Bill Waters ~~ Haiku

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Archive for the tag “Contemporary Haibun Online”

Growing Up with G.I. Joe

In the 1960s, G.I. Joe was a proxy for the me I wished to be. Physically fit, self-reliant, and battle-tested (that facial scar!), he was armed and ready to defend American ideals. Loaded like a pack mule with equipment and supplies, Joe had all he needed to deal with enemies of any sort.

For me, G.I. Joe was not a figure of aggression. Like America itself (the romanticized version), he was as ready to extend a hand in friendship as he was to throw a punch in self-defense. He was part adventurer, part warrior, and part superhero — all that I was not.

Maybe I was too “into” G.I. Joe; I don’t know. But I was just a kid, and Joe — one of the true good guys in a boy’s life — helped me feel better about myself.

“it’s not a doll!”
ready for anything
his action figure


Published in Contemporary Haibun Online (http://contemporaryhaibunonline.com/pages144/Waters_Growing.html), 12/30/18.

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Getting schooled

One Sunday long, long ago, I went to religious school and got roped into an impromptu play. One more person was needed to fill the ranks, and that person – despite my protests – turned out to be me.

It wasn’t much of a play, really, which was good since I wasn’t much of an actor. We said our lines from sheets of paper – a staged reading of sorts – and as for costumes, it was strictly ‘come as you are’. For me that meant a favorite albeit somewhat old pair of trousers, a button-down shirt, and shoes that were only a little in need of polishing.

Being thrust headlong into a play was disconcerting, but once the play was over, I felt vaguely euphoric. It was done, and I hadn’t made a total fool of myself in front of my classmates!

When I got home, filled with the glow of accomplishment, I ran inside to spread the news. “Mom,” I shouted, “I was in a play!”

My mother spun around from in front of the kitchen sink, looked me up and down, and said, “You were in a play in those pants?”

“cut!”
the tragicomedy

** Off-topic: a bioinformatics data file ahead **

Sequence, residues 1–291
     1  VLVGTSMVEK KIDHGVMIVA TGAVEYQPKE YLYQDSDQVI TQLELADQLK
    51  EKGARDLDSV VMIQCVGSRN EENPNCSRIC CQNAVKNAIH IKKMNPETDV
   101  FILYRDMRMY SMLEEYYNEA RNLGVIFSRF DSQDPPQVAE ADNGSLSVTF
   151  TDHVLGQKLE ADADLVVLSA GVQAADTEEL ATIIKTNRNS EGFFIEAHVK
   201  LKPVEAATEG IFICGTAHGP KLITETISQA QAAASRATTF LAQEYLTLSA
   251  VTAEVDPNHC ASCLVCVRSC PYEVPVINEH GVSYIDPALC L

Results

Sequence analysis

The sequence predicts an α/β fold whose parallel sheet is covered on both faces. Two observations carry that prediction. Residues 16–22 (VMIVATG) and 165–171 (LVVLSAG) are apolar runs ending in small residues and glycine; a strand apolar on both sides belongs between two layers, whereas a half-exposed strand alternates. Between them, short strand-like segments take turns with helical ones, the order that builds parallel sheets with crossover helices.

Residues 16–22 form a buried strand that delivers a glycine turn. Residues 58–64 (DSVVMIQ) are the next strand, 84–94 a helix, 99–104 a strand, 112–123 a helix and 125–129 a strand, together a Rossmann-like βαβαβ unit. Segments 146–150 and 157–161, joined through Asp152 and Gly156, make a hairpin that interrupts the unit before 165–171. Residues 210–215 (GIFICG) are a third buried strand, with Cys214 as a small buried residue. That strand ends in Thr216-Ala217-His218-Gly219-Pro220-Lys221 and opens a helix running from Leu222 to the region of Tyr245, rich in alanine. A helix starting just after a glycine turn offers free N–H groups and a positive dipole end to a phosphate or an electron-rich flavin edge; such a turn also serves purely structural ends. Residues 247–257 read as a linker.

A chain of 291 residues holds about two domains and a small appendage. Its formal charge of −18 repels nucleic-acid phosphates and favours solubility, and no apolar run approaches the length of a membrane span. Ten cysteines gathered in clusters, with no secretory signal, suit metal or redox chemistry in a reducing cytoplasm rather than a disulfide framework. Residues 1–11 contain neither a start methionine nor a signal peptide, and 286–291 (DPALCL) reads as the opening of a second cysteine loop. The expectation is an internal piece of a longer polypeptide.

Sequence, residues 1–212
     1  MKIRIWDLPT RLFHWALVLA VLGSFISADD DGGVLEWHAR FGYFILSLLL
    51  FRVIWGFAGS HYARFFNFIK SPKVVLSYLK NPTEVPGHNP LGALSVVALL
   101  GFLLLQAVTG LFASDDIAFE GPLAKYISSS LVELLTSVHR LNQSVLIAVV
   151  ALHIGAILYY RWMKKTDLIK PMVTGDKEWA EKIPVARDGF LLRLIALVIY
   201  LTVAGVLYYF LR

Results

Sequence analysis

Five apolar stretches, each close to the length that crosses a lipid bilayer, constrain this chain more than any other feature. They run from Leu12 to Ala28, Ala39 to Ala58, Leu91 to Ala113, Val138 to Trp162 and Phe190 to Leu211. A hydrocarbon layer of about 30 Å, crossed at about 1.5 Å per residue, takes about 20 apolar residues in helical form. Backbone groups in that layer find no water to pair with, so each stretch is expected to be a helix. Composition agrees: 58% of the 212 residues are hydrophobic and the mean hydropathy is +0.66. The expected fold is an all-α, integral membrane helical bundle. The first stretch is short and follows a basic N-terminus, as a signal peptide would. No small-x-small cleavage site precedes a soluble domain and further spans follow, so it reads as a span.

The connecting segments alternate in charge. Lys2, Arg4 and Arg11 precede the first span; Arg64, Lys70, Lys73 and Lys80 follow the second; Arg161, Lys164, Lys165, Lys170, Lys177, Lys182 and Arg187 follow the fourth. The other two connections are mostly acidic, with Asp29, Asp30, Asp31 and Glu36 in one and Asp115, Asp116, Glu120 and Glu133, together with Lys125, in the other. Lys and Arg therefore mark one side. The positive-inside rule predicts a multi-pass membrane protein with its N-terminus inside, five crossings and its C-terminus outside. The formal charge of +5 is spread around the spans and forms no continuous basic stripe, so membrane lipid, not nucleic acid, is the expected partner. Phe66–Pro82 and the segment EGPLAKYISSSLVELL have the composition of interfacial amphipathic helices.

of childhood


Published in Contemporary Haibun Online (http://contemporaryhaibunonline.com/pages133/Waters_Getting.html), 10/2/17.

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Only you can prevent…

When I was younger, my best friend and I liked to go hunting for bog iron, deer antlers, and other curiosities in the New Jersey pine barrens – particularly in the winter, when there were no biting flies or mosquitoes to bother us. We didn’t mind the cold especially; we’d keep moving to stay warm, and at the midway point of our hike we’d build a little fire to heat up some food.

I remember one time when we’d made a fire and were a little short on water to put it out. The ground was too hard to bury the flames, there was no groundwater or ice nearby, and our drinking water was mostly gone.

While I was still thinking about how to put out that tiny little fire (because hypothetically speaking even a match flame could be enough to start a blaze if it spread), my buddy took his stout walking stick, stood it in the center of the fire, and pushed it – flames, twigs, coals – deep into the ground. Poof! Gone. It was like turning out a light.

It never occurred to me that the heat would thaw the frozen mud beneath it.

snow on the wind . . .
we set our sights
for home


Published in Contemporary Haibun Online (http://contemporaryhaibunonline.com/pages121/Waters_OnlyYou.html), 3/29/15.

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Sunny with a chance of annihilation

Out of nowhere this afternoon a sharp squall hits — darkness, crashing thunder, storm crows riding the wind like demons, dead trees snapping in the woods… And then the sirens.

through the static
Mussorgsky’s
“Night on Bald Mountain”


Published in Contemporary Haibun Online (http://contemporaryhaibunonline.com/pages112/Waters_Sunny.html), 7/1/15.

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My father-in-law’s mustache

At the age of 81, with no warning or precedent, my father-in-law grew a mustache. And although his physical and mental health were somewhat in decline at that point, he became fascinated with unusual words in his huge unabridged dictionary and wrote about them. He penned long letters to old friends. And out of nowhere he became a prolific poet.

winter dusk . . .
blue lights
on the cedar

Here was a man reinventing himself. Like a shrub that’s been pruned back hard, he was pushing out impressive new growth — on paper and, perhaps symbolically, on his upper lip. And when he suddenly died about a year and a half later, he left behind a table piled with work in progress and notes about future projects . . . a fitting epilogue for a person still very much in the process of becoming.


Published in Contemporary Haibun Online (http://contemporaryhaibunonline.com/pages111/Waters_MyFather.html), 3/20/15.

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